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#500 Nobel

#500 Nobel

128x175 cm (each panel 64x84cm) | Filler, oak panels, stones, dried flowers, cardboard rolls, coffee, glass containers, cigarillo butts, string

  • About

    In this work, stones, rolls of cardboard soaked in coffee and glass containers with cigarillo butts are placed on the panels. Dried white flowers sit in small holes at the top. Stones in strings hang in front of the panels, which are attached to the back.

    The sketch in the painting is based on a photograph of Alfred Nobel, the Swedish inventor of dynamite, who was the founder and director of several companies, including the Bofors arms factory (now part of Nammo) in Karlskoga. Worried about his legacy as a merchant of death, he founded the Nobel Prizes, now an essential part of Sweden's branding. One is even a peace prize, although that is awarded in Norway.
    The work is not a criticism of the Nobel Prize itself but wants to raise questions about how personal wealth gives power not only to influence events but also people's perceptions of them.

    I also want to highlight the legacy of 19th-century industrialisation in the West, the enormous fortunes created, how we still live in their shadow, and the colonial structures and exploitation required to develop them. In Sweden, where I grew up, they contributed to the general welfare thanks to a strong labour movement that, however, gave up its revolutionary and emancipatory potential in the process. We, the population, received a piece of the pie that we still enjoy today, but we also inherited the culpability for the global injustices that still define the world.

    See a video of the production here and a presentation video here.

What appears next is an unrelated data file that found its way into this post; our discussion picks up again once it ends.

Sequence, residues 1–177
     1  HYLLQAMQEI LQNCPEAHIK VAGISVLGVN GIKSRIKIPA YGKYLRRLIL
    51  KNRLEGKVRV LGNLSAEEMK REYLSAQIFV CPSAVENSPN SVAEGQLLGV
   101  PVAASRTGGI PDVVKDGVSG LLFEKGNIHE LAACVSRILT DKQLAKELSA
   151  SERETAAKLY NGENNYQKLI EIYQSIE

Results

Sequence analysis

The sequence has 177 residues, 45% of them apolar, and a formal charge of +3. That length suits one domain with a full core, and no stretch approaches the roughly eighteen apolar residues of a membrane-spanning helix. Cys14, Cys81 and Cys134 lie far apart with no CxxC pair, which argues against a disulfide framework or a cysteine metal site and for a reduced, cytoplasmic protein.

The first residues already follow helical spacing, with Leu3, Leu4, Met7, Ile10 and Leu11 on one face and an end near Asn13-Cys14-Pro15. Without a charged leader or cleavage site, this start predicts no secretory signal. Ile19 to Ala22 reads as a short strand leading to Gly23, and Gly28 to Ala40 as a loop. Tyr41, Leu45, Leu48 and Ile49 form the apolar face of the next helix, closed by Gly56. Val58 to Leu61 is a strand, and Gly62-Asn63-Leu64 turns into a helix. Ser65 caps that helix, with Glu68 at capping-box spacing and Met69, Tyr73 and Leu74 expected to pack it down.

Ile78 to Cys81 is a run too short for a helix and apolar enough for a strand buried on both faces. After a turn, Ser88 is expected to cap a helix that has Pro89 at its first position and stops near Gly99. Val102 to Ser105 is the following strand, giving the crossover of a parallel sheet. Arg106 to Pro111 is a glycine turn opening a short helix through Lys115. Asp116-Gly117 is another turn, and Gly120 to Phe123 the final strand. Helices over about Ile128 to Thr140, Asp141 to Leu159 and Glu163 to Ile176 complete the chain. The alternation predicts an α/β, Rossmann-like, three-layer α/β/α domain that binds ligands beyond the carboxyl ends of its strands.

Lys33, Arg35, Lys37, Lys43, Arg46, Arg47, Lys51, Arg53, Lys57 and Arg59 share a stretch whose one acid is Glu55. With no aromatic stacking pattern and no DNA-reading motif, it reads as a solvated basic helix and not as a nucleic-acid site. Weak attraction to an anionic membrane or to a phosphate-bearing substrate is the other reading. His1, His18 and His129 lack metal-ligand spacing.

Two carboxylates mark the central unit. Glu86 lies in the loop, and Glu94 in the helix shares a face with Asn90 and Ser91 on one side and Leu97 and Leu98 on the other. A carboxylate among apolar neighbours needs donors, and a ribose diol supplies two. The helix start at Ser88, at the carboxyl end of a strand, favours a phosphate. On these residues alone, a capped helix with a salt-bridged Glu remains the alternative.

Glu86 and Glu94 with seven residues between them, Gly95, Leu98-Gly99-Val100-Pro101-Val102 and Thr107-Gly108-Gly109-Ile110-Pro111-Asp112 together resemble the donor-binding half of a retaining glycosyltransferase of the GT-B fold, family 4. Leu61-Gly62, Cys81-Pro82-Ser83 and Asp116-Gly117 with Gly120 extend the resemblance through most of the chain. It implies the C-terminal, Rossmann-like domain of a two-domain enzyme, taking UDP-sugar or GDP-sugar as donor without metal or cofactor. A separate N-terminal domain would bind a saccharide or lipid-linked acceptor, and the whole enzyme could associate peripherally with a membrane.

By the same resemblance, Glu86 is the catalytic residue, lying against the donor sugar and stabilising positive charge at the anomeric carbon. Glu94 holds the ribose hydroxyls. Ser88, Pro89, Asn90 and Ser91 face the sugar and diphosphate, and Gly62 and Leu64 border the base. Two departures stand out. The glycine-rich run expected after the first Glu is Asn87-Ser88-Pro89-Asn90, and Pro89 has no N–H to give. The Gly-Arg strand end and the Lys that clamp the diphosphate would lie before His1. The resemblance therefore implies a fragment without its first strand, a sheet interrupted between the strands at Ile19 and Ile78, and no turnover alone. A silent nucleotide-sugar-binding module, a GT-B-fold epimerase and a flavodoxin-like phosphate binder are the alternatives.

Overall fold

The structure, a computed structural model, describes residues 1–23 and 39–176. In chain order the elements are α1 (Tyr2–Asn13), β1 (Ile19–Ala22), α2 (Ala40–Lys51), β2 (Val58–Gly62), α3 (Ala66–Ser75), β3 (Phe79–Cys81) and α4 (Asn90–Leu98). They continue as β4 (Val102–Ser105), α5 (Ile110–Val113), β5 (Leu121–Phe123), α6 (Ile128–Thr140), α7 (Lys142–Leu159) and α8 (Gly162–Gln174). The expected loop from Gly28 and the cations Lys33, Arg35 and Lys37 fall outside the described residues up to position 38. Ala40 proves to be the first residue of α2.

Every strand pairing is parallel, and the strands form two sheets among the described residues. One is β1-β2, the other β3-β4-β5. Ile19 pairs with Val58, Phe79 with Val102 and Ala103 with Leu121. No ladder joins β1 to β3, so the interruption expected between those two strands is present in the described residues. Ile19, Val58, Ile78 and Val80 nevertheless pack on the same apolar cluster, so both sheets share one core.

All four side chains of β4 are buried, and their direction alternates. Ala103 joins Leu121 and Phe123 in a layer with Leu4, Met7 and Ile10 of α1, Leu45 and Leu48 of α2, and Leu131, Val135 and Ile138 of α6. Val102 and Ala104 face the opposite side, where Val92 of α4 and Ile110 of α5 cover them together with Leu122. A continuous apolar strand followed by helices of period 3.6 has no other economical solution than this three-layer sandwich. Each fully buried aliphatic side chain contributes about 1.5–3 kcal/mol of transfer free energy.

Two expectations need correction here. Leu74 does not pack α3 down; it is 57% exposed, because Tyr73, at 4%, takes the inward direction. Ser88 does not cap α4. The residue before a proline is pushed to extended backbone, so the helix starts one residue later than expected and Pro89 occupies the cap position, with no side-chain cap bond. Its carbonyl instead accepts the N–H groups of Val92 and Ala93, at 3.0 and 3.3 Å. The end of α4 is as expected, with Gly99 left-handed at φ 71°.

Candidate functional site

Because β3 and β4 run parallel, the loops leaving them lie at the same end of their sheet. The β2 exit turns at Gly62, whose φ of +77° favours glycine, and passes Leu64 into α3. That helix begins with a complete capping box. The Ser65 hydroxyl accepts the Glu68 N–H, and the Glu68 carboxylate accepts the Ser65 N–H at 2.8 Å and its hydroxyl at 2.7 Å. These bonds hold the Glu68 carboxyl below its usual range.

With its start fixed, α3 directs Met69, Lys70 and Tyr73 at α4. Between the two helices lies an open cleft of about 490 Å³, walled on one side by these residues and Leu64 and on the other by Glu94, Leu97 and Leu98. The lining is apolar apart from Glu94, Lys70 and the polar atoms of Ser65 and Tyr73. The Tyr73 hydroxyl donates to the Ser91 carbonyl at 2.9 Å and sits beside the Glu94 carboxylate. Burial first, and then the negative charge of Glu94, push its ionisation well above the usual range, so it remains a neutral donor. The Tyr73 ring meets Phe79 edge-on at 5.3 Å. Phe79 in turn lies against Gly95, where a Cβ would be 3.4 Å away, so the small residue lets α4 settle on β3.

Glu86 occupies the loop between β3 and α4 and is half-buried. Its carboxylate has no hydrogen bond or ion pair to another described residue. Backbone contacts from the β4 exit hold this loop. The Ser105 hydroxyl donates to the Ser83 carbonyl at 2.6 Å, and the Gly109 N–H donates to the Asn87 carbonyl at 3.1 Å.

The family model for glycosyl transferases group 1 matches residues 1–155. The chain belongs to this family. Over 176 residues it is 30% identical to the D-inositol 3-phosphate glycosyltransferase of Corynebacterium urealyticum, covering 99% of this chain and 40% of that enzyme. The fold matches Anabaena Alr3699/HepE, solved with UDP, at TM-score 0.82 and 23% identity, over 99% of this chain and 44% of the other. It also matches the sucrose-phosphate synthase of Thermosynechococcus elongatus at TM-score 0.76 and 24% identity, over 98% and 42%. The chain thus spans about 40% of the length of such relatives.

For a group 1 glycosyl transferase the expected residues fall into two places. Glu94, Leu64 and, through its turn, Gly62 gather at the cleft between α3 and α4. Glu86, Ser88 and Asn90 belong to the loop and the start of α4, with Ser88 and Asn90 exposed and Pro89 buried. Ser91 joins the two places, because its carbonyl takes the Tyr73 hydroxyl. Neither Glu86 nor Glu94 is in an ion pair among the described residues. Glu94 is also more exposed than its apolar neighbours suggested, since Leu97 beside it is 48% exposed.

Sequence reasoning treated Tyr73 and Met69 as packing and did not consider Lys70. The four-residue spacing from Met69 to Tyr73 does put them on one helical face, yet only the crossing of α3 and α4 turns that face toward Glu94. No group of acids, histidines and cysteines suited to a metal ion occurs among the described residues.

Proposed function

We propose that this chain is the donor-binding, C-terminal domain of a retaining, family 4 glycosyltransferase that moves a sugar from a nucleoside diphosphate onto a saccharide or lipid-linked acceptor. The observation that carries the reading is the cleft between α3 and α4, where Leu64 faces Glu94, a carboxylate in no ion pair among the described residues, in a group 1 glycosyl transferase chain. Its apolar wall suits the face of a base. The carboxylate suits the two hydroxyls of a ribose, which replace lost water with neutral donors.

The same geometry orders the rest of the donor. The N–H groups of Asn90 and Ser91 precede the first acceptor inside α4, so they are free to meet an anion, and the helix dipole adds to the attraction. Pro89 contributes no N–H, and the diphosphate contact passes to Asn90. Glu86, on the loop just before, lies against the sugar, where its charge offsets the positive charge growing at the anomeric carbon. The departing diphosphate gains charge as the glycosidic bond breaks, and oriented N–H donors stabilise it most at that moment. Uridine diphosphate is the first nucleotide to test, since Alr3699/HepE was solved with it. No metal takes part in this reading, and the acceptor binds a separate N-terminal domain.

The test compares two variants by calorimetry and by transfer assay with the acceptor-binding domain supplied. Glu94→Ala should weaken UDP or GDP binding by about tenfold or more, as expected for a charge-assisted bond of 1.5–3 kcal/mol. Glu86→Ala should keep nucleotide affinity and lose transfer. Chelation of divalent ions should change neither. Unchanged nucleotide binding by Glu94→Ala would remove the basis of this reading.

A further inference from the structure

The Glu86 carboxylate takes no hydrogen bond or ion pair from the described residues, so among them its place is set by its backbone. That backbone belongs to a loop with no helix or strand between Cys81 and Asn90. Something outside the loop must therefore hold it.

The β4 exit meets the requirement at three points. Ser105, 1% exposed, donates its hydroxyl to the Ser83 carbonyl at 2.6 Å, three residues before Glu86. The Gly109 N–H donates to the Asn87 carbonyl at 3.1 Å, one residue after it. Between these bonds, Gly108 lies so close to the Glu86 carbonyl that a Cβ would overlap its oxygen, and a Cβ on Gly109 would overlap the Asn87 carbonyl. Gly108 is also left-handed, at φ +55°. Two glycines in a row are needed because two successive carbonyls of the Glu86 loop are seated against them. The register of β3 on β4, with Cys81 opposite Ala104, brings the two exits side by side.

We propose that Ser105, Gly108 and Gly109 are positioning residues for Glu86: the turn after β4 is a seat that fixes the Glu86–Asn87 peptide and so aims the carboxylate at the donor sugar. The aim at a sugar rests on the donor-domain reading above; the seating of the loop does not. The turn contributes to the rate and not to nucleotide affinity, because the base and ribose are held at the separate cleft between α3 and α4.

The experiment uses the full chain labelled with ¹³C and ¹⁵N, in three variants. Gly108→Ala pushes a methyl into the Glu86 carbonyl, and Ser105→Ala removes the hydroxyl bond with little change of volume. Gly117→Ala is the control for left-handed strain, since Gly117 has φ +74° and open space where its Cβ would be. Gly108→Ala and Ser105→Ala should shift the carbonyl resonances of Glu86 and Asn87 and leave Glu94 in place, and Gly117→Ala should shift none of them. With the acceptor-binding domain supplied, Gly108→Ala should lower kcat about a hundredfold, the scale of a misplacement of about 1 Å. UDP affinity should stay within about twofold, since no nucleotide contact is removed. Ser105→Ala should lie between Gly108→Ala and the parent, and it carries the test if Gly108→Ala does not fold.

• Speaking Stones

    Speaking Stones is a compilation of paintings made with imprints of ordinary stones.

    I see the stone as a metaphor for popular struggle and protest. It is the closest available weapon to the powerless. Throwing stones is a symbolic form of violence. The aim is not to overpower the opponent physically. It demonstrates defiance in the face of power by expressing concretely that the premises of the situation aren't acceptable. The stone speaks but not in a language open to negotiation or dialogue. A conversation means accepting the context in which it takes place and is thus always, to a certain degree, a form of submission. The language of stones is the language of mute matter. A form of silence that nevertheless speaks clearly and directly. The stone represents the resistance in itself from a place outside of language.

    The stone is an entirely exchangeable and ordinary object that exists everywhere. At the same time, each stone is unique and has its own beauty and unfathomable mystery for anyone open to seeing it. This duality fascinates me. A stone is perhaps the closest we can get to a thing-in-itself, bound as we are to language. Sealed around itself, oblivious to the outside world. Simply existing. In a way, we can never truly understand. Infinite in its everydayness. Specific and concrete in its presence.

  • Real Thing

    The series features works with an appendix placed on top of the work or close to it. This object is exterior to the image plane, the illusionary "window" in the picture, but is still an intrinsic part of the whole. It connects or makes visible the two dimensions of an artwork - its inner logic and its relation to its surrounding.
    The title references the famous Coca-Cola campaign and Immanuel Kant's notion of the thing in itself. It means that subjects can only experience the phenomena as they present themselves through perception. It is always fundamentally different from what the things are outside language boundaries - in themselves.

  • Res Ipsa

    Res Ipsa is a compilation of works made by an act shaping the filler once it is prepared inside the frame. The works thus function as a recording device and give a statement of the event taking place while the filler was still wet.

    Res Ipsa is Latin for "the thing itself" and is part of the juridical term "Res ipsa loquitur" (the thing speaks for itself), used when an injury or accident in itself clearly shows who is responsible, such as an instrument left inside a body after surgery.

kr39 000,00Price